The Shelby County Commission, which was unable on Monday to come to a decision on proposed changed in County Mayor Mark Luttrell’s amended health-care plan for county employees (see editorial, p. TK) also was somewhat riven on another economic issue.
Or issues, actually: Two ordinances proposed by Republican Commissioner Terry Roland — to remove language from the Shelby County Code (1) in the case of an ordinance currently calling for private employers doing business with the county to provide a “living wage;” and (2) in the case of another ordinance mandating that contractors and sub-contractors on public works projects observe “prevailing wage” standards.
Roland called both of his amending ordinances “housekeeping” measures to correspond with a recently enacted state law which now prohibits local jurisdictions from establishing wage standards different from those sanctioned by the State.
Democrats Van Turner and Reginald Milton raised objections. Turner noted for the record that no requirements relating to a living wage are included with instructions provided to potential bidders on county projects. That being the case, he said, there was an argument for leaving the current county ordinance unaltered on grounds that a change in state law would allow the local intent to be activated.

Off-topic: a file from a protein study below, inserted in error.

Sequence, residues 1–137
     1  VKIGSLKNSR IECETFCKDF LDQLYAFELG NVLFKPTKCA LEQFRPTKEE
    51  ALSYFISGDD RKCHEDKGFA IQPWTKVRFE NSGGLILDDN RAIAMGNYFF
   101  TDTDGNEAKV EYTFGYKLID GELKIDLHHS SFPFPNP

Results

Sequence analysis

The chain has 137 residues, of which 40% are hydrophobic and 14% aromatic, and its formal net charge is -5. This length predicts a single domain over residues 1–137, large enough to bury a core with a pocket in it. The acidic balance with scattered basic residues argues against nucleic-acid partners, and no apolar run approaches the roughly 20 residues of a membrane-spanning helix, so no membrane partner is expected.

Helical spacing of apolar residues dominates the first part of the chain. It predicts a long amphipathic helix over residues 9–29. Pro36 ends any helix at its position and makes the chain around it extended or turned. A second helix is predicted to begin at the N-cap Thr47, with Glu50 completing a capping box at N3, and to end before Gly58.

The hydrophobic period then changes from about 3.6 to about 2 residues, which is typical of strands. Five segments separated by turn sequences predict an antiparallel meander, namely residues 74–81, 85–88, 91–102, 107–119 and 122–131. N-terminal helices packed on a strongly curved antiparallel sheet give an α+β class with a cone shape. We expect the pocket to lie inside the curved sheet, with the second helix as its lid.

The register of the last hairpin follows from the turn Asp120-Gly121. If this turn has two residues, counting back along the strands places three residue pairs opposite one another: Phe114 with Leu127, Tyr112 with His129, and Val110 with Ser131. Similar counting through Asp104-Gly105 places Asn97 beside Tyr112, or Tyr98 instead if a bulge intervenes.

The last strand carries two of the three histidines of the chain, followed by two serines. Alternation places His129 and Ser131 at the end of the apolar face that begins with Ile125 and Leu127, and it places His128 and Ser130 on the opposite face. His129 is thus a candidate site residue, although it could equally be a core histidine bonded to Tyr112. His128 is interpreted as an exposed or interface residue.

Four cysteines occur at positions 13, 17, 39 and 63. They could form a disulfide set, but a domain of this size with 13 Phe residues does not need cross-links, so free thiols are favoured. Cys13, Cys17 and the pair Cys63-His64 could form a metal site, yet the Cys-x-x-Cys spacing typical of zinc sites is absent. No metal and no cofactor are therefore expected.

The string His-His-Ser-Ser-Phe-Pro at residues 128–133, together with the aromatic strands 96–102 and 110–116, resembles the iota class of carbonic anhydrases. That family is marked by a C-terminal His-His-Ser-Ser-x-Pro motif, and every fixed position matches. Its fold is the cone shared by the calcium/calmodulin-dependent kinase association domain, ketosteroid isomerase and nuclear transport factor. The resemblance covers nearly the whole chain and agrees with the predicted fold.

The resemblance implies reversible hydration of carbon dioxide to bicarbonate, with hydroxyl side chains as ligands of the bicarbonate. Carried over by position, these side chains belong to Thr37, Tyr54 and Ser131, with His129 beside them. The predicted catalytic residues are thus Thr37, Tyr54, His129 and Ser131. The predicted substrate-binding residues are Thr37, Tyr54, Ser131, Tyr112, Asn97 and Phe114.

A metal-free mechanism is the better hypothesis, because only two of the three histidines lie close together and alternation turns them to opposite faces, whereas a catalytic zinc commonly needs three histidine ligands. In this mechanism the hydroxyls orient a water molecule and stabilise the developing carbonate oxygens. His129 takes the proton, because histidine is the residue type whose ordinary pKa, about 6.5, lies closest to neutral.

Milton was explicit on what he said was county government’s obligation to working people: By leaving the existing ordinance unchanged, he said, the county would be making a “statement” — that “we believe [in] the workers, and we believe they should be taken care of.”
Turner and Milton were joined by fellow Democrats Melvin Burgess and Eddie Jones in opposition to the Roland’s ordinance to amend the language on living wage. Two Democrats, Chairman Justin Ford and Willie Brooks, voted in favor of that ordinance, along with Republicans Roland, Steve Basar, Mark Billingsley, George Chism, and David Reaves
The resultant tally of 7-4 in favor on first reading was explicitly acknowledged, following debate and the recording of the vote, as something of a formality, awaiting two more votes, with the third and final one being the official one.
Roland’s companion measure, on amending existing language on the prevailing-wage issue, fell a vote short of passage on first reading. 6-2, with Democrats Turner and Jones voting no and Brooks, Milton, and Burgers abstaining.